David Landau, the former editor-in-chief of the Israeli newspaper H'aaretz, wrote about this report in Sunday's edition of the New York Times, and frankly, he did not care for the report's findings one little bit! In fact, he thought the report was mean and disproportionately critical of Israel, which is not fair at all.
Yes, Palestinian deaths numbered around 1,400, and Israeli deaths came in at 13. Yes, there is strong evidence to suggest that Israel used white phosphorus on an imprisoned population, and shot Palestinian civilians who were literally waving white flags to surrender. And bombed UN schools. But, yeah, you wouldn't want anything about this massacre to be disproportionate.
Landau makes the childish claim that Goldstone is at fault here, because he was so mean in his report that now Israelis won't want to talk about their feelings honestly. He writes:
"But Judge Goldstone has thwarted any such honest debate — within Israel or concerning Israel. His fundamental premise, that the Israelis went after civilians, shut down the argument before it began."
What a evil "premise" for an investigator to begin an argument with. What's unfortunate for Landau, and the New York Times, is that he clearly doesn't know what the word "premise" means. Hahahaha, silly editor-in-chief.
What he means to say--and this is a common mistake people for people who can't argue properly--is "conclusion." Goldstone arrives at the conclusion that Israelis targeted civilians, he doesn't begin at that premise. It's a common mistake, to confuse "premise" (the beginning assumption of a debate) with "conclusion" (the end point one arrives at after examining evidence). It's especially common for the head of a major newspaper to make that mistake. Or he might have been employing a dirty rhetorical trick.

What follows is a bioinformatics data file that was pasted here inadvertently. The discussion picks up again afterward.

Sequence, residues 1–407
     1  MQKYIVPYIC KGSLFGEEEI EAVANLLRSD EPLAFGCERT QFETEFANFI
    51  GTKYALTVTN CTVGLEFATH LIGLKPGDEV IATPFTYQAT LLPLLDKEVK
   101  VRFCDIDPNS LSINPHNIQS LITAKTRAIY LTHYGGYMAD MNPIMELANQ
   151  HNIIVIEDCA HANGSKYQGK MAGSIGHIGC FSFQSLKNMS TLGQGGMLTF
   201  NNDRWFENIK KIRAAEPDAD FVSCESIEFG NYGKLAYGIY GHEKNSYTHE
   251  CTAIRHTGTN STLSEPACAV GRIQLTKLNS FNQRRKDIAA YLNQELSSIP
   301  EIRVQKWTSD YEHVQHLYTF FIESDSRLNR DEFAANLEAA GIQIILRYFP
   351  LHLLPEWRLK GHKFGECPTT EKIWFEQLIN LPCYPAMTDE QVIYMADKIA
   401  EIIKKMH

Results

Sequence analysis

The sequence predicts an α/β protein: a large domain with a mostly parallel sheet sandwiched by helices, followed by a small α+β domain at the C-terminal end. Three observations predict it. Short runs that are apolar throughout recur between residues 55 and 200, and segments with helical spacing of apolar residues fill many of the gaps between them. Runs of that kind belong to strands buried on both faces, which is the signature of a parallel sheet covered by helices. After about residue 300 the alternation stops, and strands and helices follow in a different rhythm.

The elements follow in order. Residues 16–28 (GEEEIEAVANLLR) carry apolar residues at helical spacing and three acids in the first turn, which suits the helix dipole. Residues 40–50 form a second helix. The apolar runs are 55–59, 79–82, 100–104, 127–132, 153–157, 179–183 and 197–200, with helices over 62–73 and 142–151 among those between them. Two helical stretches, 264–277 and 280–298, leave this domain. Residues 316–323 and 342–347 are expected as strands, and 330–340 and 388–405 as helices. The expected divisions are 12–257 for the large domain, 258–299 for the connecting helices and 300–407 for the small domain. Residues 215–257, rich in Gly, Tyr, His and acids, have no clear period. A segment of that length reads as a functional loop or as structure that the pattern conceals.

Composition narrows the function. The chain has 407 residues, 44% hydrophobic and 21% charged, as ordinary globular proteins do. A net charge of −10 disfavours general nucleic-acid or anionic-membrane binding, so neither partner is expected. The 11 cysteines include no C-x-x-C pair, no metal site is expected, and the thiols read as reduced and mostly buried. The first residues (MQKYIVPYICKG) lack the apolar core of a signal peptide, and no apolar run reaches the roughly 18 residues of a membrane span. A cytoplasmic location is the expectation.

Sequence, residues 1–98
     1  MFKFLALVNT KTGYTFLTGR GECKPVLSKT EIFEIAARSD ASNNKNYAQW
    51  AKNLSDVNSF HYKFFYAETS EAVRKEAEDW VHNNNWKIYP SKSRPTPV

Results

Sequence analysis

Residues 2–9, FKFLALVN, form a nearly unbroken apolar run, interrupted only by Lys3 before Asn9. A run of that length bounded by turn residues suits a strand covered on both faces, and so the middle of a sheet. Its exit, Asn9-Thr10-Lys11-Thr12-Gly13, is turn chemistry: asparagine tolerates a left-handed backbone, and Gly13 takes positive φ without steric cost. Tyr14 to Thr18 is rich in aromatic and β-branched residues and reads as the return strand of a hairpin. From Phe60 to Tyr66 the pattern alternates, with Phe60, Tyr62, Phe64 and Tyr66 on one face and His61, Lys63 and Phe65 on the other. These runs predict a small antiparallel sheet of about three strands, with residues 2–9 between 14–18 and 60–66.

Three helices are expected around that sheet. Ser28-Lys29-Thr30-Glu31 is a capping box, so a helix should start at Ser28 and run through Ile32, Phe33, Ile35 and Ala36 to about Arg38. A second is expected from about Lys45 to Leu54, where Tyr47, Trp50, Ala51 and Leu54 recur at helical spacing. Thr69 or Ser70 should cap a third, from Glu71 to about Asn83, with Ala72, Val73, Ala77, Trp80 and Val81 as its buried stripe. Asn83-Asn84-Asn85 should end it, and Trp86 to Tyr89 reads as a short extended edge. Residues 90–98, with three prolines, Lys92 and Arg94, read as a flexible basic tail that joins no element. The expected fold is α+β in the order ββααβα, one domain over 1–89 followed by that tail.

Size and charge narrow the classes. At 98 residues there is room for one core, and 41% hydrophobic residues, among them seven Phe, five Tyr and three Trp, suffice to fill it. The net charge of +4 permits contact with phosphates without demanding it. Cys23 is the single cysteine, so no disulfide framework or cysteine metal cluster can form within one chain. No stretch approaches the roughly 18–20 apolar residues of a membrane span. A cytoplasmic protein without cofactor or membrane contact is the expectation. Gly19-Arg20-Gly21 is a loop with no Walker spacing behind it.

In Landau's critique of the report, he offers no counter-arguments, no examples of bad methodology, and no flaws in the logic of the report. He simply doesn't like its conclusions, so he dismisses the whole endeavor as a wasted opportunity. According to Landau, we should have maybe asked some questions and called it a day, I guess.
"When does negligence become recklessness, and when does recklessness slip into wanton callousness, and then into deliberate disregard for innocent human life?
Are widespread civilian casualties inevitable when a modern army pounds terrorist targets in a heavily populated area with purportedly smart ordnance? Are they acceptable? Does the enemy’s deployment in the heart of the civilian area shift the line between right and wrong, in morality and in law?"
When a rhetorical question has a clear answer, should we stifle it in an absurd attempt to maintain civility in discourse?
"These were precisely the questions that Israeli politicians and generals wrestled with in Gaza, as others do today in Afghanistan."
Yes, we should have wrestled with those questions, but not drawn any conclusions. I get it now. Silly me, I thought there was value in making legitimate accusations of wrong-doing when the evidence warranted it, but I guess that would count as a wasted opportunity, to, um, hold people accountable for their crimes, I guess.
What Landau fails to recognize is that the findings of this report are so horrific that even in describing them, one will risk angering those who are blindly "pro-Israel." And, yes, roughly 9/10ths of the report is spent documenting Israel's crimes, and only 1/10th documenting Hamas' crimes. But, as Norman Finkelstein argued on Democracy Now!, that's what you would expect in a massacre that left 1,400 dead on one side, and about a tenth of that, 13, dead on the other.
This type of inability, or unwillingness, to call a crime a crime ensure that this type of behavior will happen again. Whether the offender will be the USA, Isreael, or another occupying power is anybody's guess.